Getting Ready: Preparation for Exporting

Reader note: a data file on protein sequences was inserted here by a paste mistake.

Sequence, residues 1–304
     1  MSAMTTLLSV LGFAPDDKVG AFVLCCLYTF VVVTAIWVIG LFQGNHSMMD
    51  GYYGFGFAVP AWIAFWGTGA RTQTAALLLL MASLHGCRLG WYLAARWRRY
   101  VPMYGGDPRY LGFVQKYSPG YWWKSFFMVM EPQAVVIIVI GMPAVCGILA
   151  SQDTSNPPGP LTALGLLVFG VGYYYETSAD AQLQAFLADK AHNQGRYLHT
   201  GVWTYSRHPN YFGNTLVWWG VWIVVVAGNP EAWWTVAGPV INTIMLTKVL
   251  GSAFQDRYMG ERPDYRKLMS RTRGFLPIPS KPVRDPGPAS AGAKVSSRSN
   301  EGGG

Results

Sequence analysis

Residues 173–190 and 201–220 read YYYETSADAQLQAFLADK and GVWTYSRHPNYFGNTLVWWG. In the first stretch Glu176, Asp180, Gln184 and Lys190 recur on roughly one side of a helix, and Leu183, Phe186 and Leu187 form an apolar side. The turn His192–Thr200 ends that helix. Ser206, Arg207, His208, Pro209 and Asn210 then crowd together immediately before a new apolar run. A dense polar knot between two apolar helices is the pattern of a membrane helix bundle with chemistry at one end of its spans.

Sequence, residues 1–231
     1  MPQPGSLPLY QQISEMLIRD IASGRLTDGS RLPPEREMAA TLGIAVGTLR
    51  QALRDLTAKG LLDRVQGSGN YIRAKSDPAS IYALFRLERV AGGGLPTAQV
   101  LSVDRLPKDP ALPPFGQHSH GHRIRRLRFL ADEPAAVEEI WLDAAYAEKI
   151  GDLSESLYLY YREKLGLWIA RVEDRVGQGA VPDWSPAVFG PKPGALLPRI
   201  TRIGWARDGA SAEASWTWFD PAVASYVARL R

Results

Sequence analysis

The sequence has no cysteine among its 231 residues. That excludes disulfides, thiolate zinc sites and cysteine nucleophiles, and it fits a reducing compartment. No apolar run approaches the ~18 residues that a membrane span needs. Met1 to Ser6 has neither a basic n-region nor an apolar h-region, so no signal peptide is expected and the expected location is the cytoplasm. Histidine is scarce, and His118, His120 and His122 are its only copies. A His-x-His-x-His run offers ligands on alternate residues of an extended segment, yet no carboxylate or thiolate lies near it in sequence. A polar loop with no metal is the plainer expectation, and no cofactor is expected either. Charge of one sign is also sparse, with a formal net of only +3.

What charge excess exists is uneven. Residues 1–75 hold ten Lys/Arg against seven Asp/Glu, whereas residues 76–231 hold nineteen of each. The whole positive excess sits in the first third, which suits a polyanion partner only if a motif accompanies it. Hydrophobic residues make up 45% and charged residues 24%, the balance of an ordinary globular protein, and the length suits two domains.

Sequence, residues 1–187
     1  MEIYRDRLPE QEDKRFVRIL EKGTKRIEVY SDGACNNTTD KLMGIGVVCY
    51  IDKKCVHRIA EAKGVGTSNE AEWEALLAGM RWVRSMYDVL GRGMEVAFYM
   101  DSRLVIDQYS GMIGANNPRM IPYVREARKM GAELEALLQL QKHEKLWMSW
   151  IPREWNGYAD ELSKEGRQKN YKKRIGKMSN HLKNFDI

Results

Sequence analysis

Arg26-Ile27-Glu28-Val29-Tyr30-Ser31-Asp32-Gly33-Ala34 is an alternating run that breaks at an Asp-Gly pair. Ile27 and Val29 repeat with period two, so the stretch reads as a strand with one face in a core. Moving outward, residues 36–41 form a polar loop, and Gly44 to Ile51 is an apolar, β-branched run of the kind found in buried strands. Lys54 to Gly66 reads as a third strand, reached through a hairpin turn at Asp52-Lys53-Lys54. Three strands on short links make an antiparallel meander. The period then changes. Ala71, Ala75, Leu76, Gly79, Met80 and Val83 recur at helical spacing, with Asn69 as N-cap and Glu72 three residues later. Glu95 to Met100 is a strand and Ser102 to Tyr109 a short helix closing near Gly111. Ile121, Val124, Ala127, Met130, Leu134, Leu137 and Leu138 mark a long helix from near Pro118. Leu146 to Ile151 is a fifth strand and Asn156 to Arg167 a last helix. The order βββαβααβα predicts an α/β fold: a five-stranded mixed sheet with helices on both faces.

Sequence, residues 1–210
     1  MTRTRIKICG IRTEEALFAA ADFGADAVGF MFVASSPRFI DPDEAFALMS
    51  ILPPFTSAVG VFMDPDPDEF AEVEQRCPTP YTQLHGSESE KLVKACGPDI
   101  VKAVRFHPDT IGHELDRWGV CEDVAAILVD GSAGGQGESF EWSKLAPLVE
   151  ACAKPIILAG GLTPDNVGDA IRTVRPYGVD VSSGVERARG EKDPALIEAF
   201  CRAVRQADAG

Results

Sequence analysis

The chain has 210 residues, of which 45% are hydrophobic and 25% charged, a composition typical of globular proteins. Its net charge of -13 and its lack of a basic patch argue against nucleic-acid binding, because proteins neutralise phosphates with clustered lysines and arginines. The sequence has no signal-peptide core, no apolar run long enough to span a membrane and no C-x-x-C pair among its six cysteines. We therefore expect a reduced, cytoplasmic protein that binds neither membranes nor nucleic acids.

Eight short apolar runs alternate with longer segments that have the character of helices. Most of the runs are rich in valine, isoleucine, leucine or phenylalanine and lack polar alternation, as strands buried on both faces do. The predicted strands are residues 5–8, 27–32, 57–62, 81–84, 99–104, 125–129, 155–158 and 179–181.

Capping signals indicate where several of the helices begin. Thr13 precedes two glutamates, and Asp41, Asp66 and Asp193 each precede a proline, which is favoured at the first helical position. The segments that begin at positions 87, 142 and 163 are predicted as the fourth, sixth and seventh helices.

This study examines developments at the plant-product level preceding an expansion into foreign markets. It relies on very detailed Mexican data for 1994-2004, a period of liberalization in US trade policy vis a vis Mexico, mandated by the North American Free Trade Agreement. Our approach is novel in that we focus on quality, proxied by domestic price premium, of current and future export products. Our findings are consistent with quality upgrading taking place in preparation for entry into export markets. We show that manufacturers who export a particular product variety tend to obtain a price premium for their domestic sales of this variety. Consistently with the hypothesis of quality upgrading before exporting, we find evidence that this premium emerges exactly one year before a variety starts being exported. We find no evidence of upgrading after entering export markets. Our IV estimates suggest that the changes in the price premium are driven by the anticipated cuts in US tariffs and are particularly pronounced among producers exhibiting better performance in the initial period.
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